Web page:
From Shufta to Sael Roti: 9 Little-Known Treats to Gorge on During Diwali
Bringing the spotlight back on traditional sweets--recipes that have been handed down several generations
Diwali is infectious, and we’ve been infected! We’re bringing the spotlight back on traditional Diwali sweet dishes--recipes that have been handed down several generations. In fact these Diwali sweet dishes often celebrate the local produce of different regions. Scroll down for to spark ideas for Diwali sweet dishes.
Place of origin: Jammu and Kashmir
Shufta is a mixture of dry fruits and spices coated in sugar syrup. Assorted dried fruits are soaked in water for a few hours and then added to tiny pieces of paneer and coconut that have been fried in ghee. To this is added sugar, and this is stirred in a pan till it coats the mixture. Over this, a spice mix of black pepper, cardamom, cinnamon, dry ginger powder and saffron is sprinkled, and mixed together. Make this warm and hearty sweet dish a part of your Diwali sweet dishes as it is also packed with nutrients to beat the winter chill!
Place of origin: Himachal Pradesh
There is a sweet and savoury version of Babru, a popular, but lesser known Himachali dish. The sweet variant is similar to malpua. Since the preparations for Babru are elaborate, people now prefer buying it from the local halwai. The mithai is a traditional favourite and finds a place of pride during all special occasions and will be a perfect addition to your Diwali sweet dishes.
Place of origin: Punjab
“Pinni, is a popular traditional sweet of Punjab and graces many festivities. It is made by roasting wheat flour, gram flour and urad dal flour in ghee. To this sugar and dry fruits are added, and this is rolled into oblong balls,” says chef Prem K Pogakula, executive sous chef, The Imperial, New Delhi. Why should you add it to your Diwali sweet dishes? Pinni has a long shelf life, and in a powdered form it is called panjiri.
4. Bal mithai
Place of origin: Uttarakhand
If you’re in Uttarakhand, don’t leave without Bal mithai. Your Diwali sweet dishes will be incomplete without this one. Made of milk that is condensed with cane sugar, this rich dish looks like chocolate fudge and will leave you wanting for more.
Place of origin: Uttar Pradesh
Most of us have feasted on this Indian version of glazed donut as kids. These crunchy, fluffy round sweets, dipped in sugar syrup are popular in most parts of the country—under different aliases. Include this one in your Diwali sweet dishes and it's sure to win many fans.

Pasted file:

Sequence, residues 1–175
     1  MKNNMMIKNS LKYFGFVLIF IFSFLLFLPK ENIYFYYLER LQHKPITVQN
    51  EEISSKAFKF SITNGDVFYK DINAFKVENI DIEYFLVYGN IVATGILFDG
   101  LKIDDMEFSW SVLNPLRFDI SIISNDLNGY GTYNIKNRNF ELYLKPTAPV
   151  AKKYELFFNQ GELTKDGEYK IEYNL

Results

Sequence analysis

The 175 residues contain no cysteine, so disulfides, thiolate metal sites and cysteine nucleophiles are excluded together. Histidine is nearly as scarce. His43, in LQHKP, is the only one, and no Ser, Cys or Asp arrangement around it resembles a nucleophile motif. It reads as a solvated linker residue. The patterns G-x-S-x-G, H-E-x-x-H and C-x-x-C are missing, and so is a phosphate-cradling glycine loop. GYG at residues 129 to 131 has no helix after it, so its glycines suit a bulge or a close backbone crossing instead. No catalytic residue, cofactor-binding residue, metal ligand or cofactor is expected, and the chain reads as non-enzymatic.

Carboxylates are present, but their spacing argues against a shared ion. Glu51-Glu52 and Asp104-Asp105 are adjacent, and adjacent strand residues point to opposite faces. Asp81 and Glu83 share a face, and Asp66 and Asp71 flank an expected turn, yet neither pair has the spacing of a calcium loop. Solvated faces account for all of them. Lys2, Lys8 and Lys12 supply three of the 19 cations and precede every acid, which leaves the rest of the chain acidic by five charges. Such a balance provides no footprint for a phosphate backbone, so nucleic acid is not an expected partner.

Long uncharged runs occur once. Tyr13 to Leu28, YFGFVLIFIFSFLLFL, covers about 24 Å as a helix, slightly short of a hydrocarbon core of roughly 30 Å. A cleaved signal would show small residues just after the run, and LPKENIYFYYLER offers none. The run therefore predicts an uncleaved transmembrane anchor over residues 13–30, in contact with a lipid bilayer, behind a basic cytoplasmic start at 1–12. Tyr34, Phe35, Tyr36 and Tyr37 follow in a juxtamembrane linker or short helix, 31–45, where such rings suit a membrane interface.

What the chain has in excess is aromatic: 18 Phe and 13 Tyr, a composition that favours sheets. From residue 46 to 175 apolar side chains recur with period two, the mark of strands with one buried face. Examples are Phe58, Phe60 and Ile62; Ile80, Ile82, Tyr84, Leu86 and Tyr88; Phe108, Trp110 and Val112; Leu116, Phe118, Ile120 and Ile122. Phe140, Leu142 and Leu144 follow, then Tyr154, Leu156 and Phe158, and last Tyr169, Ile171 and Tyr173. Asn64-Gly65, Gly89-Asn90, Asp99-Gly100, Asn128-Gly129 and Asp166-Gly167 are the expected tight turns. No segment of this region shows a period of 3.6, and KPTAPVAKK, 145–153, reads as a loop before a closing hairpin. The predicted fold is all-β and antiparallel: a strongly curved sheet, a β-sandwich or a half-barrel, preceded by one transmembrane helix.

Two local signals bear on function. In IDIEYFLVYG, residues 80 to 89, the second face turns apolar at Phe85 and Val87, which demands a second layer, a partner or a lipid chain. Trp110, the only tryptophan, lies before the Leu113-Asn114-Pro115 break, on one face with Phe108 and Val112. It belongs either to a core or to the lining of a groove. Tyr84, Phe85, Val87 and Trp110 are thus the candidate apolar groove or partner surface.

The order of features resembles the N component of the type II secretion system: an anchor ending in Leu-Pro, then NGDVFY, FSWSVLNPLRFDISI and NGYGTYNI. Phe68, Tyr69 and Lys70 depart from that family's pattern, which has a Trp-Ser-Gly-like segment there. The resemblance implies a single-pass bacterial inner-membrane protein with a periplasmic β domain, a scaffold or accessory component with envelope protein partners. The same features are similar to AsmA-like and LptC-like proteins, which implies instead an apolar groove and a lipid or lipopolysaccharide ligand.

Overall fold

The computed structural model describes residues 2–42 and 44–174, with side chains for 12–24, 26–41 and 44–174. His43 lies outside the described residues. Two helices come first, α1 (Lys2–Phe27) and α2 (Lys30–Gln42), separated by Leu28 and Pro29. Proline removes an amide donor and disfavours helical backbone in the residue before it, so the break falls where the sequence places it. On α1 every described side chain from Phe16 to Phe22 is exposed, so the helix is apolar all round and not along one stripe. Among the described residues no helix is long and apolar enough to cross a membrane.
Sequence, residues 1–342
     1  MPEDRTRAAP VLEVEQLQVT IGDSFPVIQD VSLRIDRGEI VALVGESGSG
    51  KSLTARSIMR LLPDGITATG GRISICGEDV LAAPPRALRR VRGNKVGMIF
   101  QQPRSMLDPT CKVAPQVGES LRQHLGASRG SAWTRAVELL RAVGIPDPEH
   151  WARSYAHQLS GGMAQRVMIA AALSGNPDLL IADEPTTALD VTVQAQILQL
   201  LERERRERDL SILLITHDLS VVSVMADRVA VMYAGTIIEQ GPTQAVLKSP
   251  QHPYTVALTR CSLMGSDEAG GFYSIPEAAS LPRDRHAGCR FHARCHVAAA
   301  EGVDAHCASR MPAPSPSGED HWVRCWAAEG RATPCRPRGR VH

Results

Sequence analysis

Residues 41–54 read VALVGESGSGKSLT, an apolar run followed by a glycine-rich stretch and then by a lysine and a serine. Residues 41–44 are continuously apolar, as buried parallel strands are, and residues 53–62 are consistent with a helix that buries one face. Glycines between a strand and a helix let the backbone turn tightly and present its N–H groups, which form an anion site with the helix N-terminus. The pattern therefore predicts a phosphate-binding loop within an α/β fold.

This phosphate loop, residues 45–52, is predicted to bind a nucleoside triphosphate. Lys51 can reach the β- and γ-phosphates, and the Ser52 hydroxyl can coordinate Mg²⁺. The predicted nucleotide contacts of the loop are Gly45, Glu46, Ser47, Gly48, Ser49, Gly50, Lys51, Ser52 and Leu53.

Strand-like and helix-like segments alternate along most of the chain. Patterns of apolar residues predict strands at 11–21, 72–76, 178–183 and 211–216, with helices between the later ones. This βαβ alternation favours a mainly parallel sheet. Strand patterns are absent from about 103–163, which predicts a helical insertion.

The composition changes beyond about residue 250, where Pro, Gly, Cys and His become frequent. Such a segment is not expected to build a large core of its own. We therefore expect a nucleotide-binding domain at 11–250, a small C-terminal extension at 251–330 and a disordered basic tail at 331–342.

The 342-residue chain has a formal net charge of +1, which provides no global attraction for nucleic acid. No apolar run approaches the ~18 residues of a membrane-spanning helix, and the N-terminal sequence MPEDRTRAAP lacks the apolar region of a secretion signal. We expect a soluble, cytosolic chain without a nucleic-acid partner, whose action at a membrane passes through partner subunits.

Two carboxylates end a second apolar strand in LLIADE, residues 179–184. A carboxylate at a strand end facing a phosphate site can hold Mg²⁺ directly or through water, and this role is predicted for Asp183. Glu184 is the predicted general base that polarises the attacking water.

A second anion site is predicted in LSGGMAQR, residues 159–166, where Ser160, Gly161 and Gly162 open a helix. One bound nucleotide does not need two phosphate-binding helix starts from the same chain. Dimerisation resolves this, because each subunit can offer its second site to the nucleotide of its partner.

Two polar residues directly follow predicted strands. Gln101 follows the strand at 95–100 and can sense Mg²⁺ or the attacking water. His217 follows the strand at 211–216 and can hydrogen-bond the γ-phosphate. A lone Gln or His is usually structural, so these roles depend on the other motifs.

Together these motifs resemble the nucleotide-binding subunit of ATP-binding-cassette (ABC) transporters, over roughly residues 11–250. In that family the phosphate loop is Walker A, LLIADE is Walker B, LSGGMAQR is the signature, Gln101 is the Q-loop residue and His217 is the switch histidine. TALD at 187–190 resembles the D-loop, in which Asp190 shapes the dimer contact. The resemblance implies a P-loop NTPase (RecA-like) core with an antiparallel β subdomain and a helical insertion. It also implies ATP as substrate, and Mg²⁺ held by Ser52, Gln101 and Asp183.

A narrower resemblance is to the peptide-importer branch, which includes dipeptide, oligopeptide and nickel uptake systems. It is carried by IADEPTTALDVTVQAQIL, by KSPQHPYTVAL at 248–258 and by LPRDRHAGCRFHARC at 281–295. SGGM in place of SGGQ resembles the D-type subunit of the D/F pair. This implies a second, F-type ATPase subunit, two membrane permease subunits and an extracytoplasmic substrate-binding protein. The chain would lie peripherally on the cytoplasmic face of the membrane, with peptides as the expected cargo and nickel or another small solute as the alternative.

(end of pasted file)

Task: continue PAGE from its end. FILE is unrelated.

6. Sael roti
Place of origin: Sikkim
Sikkim is a rice-eating state and the sweets here are mainly rice flour-based. Digging into its origins, we came across one story that traces the origin of the Sael roti to Nepal. It was brought to Sikkim, Darjeeling, Siliguri and adjoining areas by its Nepali-speaking communities. Sael is made with mixing rice flour with sugar and cardamom powder into a runny consistency and pouring it in circular rings in hot oil or ghee. It is a local favourite for Diwali. Bring in some North East flavour to your Diwali sweet dishes.
7. Chhena poda
Place of origin: Orrisa
This Odiya dessert should be on everyone’s Diwali sweet dishes list! According to local lore, chenna poda was made by accident, when a homemaker decided to mix some sugar in leftover cottage cheese and kept it in a warm oven. The next day, she found it had set into a cake-like delicacy! Nobody’s complaining!
Image courtesy: Souvik Mukherjee
8. Chak-hao kheer
Place of origin: Manipur
“Chak-hao amubi or chak-hao kheer is a traditional dish of Manipur. It is prepared from the chak-hao or black rice which is rich in proteins, iron and fibre. The rice has to be soaked overnight so that it cooks quickly. The dessert has a husky texture and tastes a little different from other rice. The kheer gets the purple tint from the black rice which makes it look exotic,” shares Priyanka Mukherjee, blogger, Giggling Spoons. This one is sure to add an exotic touch to your Diwali sweet dishes.
9. Mysore pak
Place of origin: Karnataka
“This dessert has its origin in Mysore, in the Mysore palace during the reign of Krishna Raja Wadiyar IV. The cook made it from gram flour, sugar and loads of ghee. And when he couldn’t think of any creative name, he simply named it Mysore Pak. It is one of those sweets that people love to gift,” says Marena Jerrish, blogger, Mareena’s recipe collections. If this is in your Diwali sweet dishes, you won't be able to have
Give a twist to the traditional mysore pak recipe with this cheesecake recipe:
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